Daniel Levy makes major NFL prediction with Tottenham role and stadium update


Tottenham chairman Daniel Levy has revealed that it is out of the club's control to have an NFL franchise in London as talks remain ongoing over strategic ways to agree on a naming rights deal for the stadium. It comes one week after Spurs agreed an extension of their partnership with the American football league over hosting matches in England.

Spurs are already the official 'Home of the NFL' in the UK and host a minimum of two games per season at the impressive Tottenham Hotspur Stadium. That will now continue until the 2029/30 season as a method of maintaining positive relationships with the league as well as bringing in more fans and revenue.

However, despite some calls for an NFL franchise to be made in London, Levy remained pretty coy on the idea. Speaking at a two-hour meeting with the Tottenham Hotspur Fan Advisory Board the English businessman fielded questions from a select group including one relating to the potential NFL future.

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Although a full transcript is not available, the minutes of the meeting state that Levy 'agreed this was a logical next step but explained that it is not in the club's control.' It comes after the league's head of Europe and UK, Brett Gosper, revealed earlier this year that there are constant talks over the possibility of creating a team in the English capital.

“That would be the next phase of the strategy is to have a franchise here,” he said, speaking at SportsPro Live in April. “It’s a discussion point within the NFL on a pretty constant basis. Nothing is imminent here and I always say that.”

He added: “We’ve even heard the [NFL] commissioner [Roger Goodell] talk about having a division in Europe. [The] commissioners talked about having two teams. He thinks this market could support two teams, which it could, that Germany could support two teams.

“In some ways, it’s probably an easier logistical thing than having one team come into London, which will create all sorts of logistical challenges. Having a whole division here playing through the season, until the playoff period, might be an easier lift. In other ways, it’s a much harder lift because you’ve got to find four teams.”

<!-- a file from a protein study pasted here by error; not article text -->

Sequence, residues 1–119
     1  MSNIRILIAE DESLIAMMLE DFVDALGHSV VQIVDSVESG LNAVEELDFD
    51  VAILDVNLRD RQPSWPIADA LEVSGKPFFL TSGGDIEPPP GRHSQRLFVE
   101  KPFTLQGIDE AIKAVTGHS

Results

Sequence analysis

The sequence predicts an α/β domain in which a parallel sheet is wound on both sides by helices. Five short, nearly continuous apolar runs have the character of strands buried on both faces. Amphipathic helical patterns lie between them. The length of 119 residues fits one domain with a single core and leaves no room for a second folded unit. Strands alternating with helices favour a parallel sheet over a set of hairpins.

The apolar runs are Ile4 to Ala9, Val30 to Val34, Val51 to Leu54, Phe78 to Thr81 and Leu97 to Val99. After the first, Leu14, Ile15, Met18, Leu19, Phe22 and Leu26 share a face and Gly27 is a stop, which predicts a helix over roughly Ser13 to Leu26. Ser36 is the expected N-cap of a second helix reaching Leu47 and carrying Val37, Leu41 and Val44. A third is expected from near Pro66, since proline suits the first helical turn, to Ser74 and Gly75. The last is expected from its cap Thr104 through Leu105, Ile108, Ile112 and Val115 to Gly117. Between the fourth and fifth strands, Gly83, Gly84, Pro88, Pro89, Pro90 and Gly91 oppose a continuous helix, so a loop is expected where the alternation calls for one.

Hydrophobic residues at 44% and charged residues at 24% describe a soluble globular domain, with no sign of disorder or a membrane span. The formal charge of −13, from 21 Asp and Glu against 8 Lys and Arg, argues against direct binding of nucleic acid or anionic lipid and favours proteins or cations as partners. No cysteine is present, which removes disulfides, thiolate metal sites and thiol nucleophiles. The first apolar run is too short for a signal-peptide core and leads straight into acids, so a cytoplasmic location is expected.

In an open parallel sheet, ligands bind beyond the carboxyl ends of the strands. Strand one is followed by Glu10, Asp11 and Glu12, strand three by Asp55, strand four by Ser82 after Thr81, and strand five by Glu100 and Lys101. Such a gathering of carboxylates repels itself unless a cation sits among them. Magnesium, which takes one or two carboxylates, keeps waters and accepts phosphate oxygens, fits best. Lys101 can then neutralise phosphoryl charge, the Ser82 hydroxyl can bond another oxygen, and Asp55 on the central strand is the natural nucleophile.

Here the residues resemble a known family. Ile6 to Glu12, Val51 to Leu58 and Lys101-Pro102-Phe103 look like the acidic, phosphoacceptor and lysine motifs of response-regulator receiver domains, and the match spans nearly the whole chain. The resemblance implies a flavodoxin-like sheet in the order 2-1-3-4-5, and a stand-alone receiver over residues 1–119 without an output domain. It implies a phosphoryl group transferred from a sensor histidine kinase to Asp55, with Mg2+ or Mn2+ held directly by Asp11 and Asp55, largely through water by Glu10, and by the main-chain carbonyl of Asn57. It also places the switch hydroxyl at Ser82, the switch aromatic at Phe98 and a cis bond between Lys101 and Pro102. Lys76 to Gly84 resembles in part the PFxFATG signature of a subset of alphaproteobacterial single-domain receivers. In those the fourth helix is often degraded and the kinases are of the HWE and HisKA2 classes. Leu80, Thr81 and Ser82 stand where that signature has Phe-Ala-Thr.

However, he did admit that a European league in itself was still a possibility but not yet on a timeline. “There is certainly that ambition within the NFL to take the next step, which is to have a presence outside of the United States at some point in time," he continued..

“I can’t give you a timeline on that, but I can definitely say there’s an ambition.” It is understandable, therefore, that Levy and Tottenham are at the forefront of those conversations given their track record.

Spurs have been hosting games at their new multi-purpose stadium since it opened in 2019 and have so far had six games since their move from White Hart Lane. NFL games in England and London do have a loner history though, first going back to 2007 and a match at Wembley.

Since then it has been the country's national stadium and the occasional match at Twickenham has been the most popular international venue for NFL fixtures. For Spurs, the trust and continued deal with the NFL is a major coup and only goes to work towards increasing their revenue.

It is through these funds that they will be able to move forward as a sustainable and efficient football club, something that Levy and Chief Commercial Officer Todd Kline were keen to reiterate. The focus of the commercial department, headed by Kline, included 'working to optimise investment to date and to accelerate the growth of the Club via three key areas: sponsorship, retail, membership' as well a optimising stadium-related opportunities and accelerating growth.

Levy added the key objective for the club was to 'to deliver revenues to fund a sustainable, successful football club consistently competing at the top level.' Via the NFL boost and a potential new stadium naming partner, Spurs would take another leap ahead of Arsenal and Chelsea in this department.

It is a unique chance for Spurs given the dearth of matches in this country and it has allowed them to create somewhat of a mini-monopoly on the specific UK-NFL market. Alongside big-name gigs at the ground, Tottenham are a long way ahead of their rivals in this sense and it is key towards remaining financially competitive after such a big summer.

Spurs released the figures for the summer window which included £253.7milllion ($314.4m) on new players. To somewhat offset that they also sold Harry Kane for around £80million ($99m), as part of a big summer for incoming revenue from player sales as well.

In order to leave themselves with room to spare after missing out on the luxurious financial benefits of Champions League football, it was a necessity at this time.

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